Ollie Halsall took up drums at age 13, and then moved to London to be a vibes player at age 16 before taking up guitar a few years later. In this shot, Halsall performs at the Roundhouse in London in 1975. Photo by Andrea Pennessi.
In mid-’60s Europe, if you were hip and dug music, swinging London was the place to be. The Beatles were there, as were the Stones, the Who, the Small Faces, the Kinks, and every other great British band of the day. The British blues boom was flourishing, too—Eric Clapton and Peter Green, the Yardbirds, Alexis Korner, John Mayall. Chas Chandler brought Jimi Hendrix to London to launch his career. Youth, money, fashion, style, music, art—the stars aligned, forces converged, and London was the epicenter of cool.
But London had its outliers, too. Timebox, a small band with a minor hit, was playing the clubs. They were known for their live shows, which were manic, unpredictable, and nothing like their radio-friendly singles. Their guitarist, Ollie Halsall, was emerging as London’s guitarists’ guitarist. He was different. He played faster. His note choices were unusual. His phrasing was unique. He was fearless, reckless, impulsive, hysterical, and listening to him was an adventure. The people who saw those shows still recall them with awe.
Fame eluded Halsall, but his influence was enormous. XTC’s Andy Partridge summed him up in an interview for PopDose in June 2009: “Once I heard [Halsall’s] guitar playing, I was, like, ‘Oh, I need to be able to play like that.’”
Catching the Vibes
Halsall was born on March 14, 1949, in Southport, England, a small city just north of Liverpool. His given name was Peter, but everyone called him “Ollie,” a play on the pronunciation of Halsall (pronounced ’Alsall).
Halsall started playing the guitar at 7, but it wasn’t long before he decided to take up the drums instead. He joined his first band, the Music Students, at 13, but that didn’t last either. Clive Griffiths, a school friend, was living in London, and he invited Halsall to join him. Griffiths wanted Halsall to join his new band, Take 5, but playing vibes, not drums.
Halsall didn’t know how to play vibes, but that didn’t stop him. “I always wanted to be a vibes player,” he told Melody Maker in January 1972. “I used to listen to Milt Jackson all the time. Griff knew that, and he sensed I was a natural musician because I was a pretty good drummer.”
Halsall onstage in 1975 at The Black Swan in Sheffield. Photo by Bob Beecher.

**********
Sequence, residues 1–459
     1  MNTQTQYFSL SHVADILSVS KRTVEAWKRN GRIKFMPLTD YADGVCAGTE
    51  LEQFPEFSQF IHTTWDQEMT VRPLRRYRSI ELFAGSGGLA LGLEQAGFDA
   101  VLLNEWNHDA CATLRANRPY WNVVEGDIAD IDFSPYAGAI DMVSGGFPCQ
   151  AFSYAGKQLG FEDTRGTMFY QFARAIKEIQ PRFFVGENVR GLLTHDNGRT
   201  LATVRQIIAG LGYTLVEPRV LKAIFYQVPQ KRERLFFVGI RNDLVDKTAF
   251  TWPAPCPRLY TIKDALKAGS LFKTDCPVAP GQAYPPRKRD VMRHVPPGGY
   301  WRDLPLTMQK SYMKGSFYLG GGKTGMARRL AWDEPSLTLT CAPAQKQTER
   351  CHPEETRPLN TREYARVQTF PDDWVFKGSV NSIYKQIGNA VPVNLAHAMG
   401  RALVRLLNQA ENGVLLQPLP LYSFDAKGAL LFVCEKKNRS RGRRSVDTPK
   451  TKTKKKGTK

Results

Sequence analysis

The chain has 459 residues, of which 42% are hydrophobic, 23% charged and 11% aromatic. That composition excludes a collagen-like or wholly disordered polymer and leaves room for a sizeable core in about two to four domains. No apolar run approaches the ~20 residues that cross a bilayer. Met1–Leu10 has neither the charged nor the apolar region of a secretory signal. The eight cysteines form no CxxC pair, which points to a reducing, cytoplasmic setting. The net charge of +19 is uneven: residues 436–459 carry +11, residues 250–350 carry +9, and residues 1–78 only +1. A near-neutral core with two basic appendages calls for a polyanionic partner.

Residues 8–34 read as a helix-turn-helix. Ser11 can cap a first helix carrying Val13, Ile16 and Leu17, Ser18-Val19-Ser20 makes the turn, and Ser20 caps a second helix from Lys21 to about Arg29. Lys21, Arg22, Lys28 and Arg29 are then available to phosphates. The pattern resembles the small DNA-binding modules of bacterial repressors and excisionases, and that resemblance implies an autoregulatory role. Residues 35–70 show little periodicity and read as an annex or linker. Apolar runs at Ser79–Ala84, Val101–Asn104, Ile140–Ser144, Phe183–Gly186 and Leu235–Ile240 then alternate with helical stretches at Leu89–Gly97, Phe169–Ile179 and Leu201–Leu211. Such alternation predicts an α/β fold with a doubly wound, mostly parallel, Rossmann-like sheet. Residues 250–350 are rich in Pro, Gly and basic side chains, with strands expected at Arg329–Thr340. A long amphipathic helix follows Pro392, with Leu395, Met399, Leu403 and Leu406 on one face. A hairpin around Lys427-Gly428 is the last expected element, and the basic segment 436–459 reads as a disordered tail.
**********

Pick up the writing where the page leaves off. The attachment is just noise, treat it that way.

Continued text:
John Halsey, the drummer in Halsall’s bands Timebox and Patto, remembers a different chronology, though Halsall’s achievement was no less impressive. “Ollie looked at a piano keyboard, cut strips of paper to match, and laid them on his bed,” he told Terrascope in 1992. “He bought some vibes beaters with his pocket money and learned to play like that. After a while he told his parents, ‘I can play them now.’ They took him to a music shop in Liverpool, and he could. He turned pro when he was 16.”
Take 5 morphed into Timebox. Their sound was the sound of Swinging London. They wore matching outfits. Their songs were radio-friendly. They signed to Deram (a subsidiary of Decca). And their single, “Beggin’”—a Four Seasons cover—peaked at number 38 in the UK.
Kevin Fogerty, Timebox’s guitarist, quit in 1967, and Halsall took over. He wasn’t a guitarist, but that didn’t seem to matter. He practiced and got good. Fast. “Ollie and I always used to share rooms,” Halsey said in that same Terrascope interview. “He used to sit up half the night just running [scales] up and down the neck. I'd be trying to get to sleep, and he’d be doing his scales over and over.”
Timebox’s evolution followed a similar trajectory to other British bands of this time period: They released radio-friendly singles (including the great B-side, “I Wish I Could Jerk Like My Uncle Cyril”) but got heavier and more experimental in their live performances.
Unfortunately Timebox’s singles failed to chart, which became a problem, and they weren’t a blues band. Their music got more avant-garde, they were more open-ended and improvisational, and they played in odd time signatures. They were zany.
Keyboardist Chris Holmes quit in 1970 and the remaining members, sick of their dual identity, renamed the band “Patto,” after lead singer Mike Patto.